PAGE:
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AU - Coull, Brent A.

AU - Zanobetti, Antonella

AU - Suh, Helen

AU - Schwartz, Joel

AU - Stone, Peter H.

AU - Litonjua, Auguste

AU - Speizer, Frank E.

AU - Gold, Diane R.

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N2 - Background - The association of particulate matter (PM) with cardiovascular morbidity and mortality is well documented. PM-induced ischemia is considered a potential mechanism linking PM to adverse cardiovascular outcomes. Methods and Results - In a repeated-measures study including 5979 observations on 48 patients 43 to 75 years of age, we investigated associations of ambient pollution with ST-segment level changes averaged over half-hour periods measured in the modified V5 position by 24-hour Holter ECG monitoring. Each patient was observed up to 4 times within 1 year after a percutaneous intervention for myocardial infarction, acute coronary syndrome without infarction, or stable coronary artery disease without acute coronary syndrome. Elevation in fine particles (PM2.5) and black carbon levels predicted depression of half-hour-averaged ST-segment levels. An interquartile increase in the previous 24-hour mean black carbon level was associated with a 1.50-fold increased risk of ST-segment depression ≥0.1 mm (95% CI, 1.19 to 1.89) and a -0.031-mm (95% CI, -0.042 to -0.019) decrease in half-hour-averaged ST-segment level (continuous outcome). Effects were greatest within the first month after hospitalization and for patients with myocardial infarction during hospitalization or with diabetes. Conclusions - ST-segment depression is associated with increased exposure to PM2.5 and black carbon in cardiac patients. The risk of pollution-associated ST-segment depression may be greatest in those with myocardial injury in the first month after the cardiac event.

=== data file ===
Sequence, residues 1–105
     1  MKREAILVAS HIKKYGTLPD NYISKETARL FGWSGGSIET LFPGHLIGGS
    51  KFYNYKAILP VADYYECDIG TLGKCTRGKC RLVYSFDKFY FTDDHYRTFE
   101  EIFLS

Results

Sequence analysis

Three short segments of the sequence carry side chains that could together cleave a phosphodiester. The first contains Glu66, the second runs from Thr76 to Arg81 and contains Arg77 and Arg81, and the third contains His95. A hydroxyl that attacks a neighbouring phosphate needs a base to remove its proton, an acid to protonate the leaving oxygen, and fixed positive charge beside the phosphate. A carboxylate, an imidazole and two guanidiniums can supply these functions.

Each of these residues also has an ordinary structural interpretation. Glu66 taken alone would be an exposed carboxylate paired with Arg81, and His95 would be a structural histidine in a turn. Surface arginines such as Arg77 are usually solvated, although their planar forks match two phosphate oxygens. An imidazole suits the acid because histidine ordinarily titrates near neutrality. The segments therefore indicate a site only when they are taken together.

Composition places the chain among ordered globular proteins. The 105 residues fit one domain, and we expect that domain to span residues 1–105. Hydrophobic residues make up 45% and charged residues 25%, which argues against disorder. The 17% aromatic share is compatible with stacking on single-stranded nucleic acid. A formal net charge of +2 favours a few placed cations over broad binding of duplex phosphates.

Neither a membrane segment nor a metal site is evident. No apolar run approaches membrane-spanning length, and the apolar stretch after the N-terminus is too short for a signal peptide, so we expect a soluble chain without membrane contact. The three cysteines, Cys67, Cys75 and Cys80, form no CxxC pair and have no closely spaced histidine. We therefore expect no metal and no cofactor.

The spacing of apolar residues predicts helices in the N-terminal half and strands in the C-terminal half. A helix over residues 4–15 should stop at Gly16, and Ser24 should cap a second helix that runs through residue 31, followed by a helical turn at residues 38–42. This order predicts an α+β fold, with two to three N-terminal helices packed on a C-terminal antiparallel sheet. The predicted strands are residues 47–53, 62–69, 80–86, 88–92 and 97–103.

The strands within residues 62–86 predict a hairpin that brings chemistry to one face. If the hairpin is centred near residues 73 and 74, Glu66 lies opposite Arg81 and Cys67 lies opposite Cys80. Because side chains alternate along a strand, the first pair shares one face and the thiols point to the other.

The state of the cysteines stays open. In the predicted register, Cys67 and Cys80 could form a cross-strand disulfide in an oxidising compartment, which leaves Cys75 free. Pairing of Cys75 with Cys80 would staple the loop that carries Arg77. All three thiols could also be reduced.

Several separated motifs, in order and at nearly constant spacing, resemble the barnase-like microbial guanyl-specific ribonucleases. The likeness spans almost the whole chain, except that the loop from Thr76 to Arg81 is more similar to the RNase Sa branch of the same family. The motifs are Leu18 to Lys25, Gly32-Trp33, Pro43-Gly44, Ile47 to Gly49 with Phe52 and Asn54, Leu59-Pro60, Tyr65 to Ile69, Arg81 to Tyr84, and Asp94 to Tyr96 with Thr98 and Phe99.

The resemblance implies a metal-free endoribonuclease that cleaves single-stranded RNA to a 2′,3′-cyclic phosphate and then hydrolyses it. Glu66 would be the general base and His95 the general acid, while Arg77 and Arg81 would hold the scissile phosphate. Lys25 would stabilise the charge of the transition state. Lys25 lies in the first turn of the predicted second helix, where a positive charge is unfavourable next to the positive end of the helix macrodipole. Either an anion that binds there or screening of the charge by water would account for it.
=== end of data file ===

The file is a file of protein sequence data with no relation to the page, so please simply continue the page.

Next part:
AB - Background - The association of particulate matter (PM) with cardiovascular morbidity and mortality is well documented. PM-induced ischemia is considered a potential mechanism linking PM to adverse cardiovascular outcomes. Methods and Results - In a repeated-measures study including 5979 observations on 48 patients 43 to 75 years of age, we investigated associations of ambient pollution with ST-segment level changes averaged over half-hour periods measured in the modified V5 position by 24-hour Holter ECG monitoring. Each patient was observed up to 4 times within 1 year after a percutaneous intervention for myocardial infarction, acute coronary syndrome without infarction, or stable coronary artery disease without acute coronary syndrome. Elevation in fine particles (PM2.5) and black carbon levels predicted depression of half-hour-averaged ST-segment levels. An interquartile increase in the previous 24-hour mean black carbon level was associated with a 1.50-fold increased risk of ST-segment depression ≥0.1 mm (95% CI, 1.19 to 1.89) and a -0.031-mm (95% CI, -0.042 to -0.019) decrease in half-hour-averaged ST-segment level (continuous outcome). Effects were greatest within the first month after hospitalization and for patients with myocardial infarction during hospitalization or with diabetes. Conclusions - ST-segment depression is associated with increased exposure to PM2.5 and black carbon in cardiac patients. The risk of pollution-associated ST-segment depression may be greatest in those with myocardial injury in the first month after the cardiac event.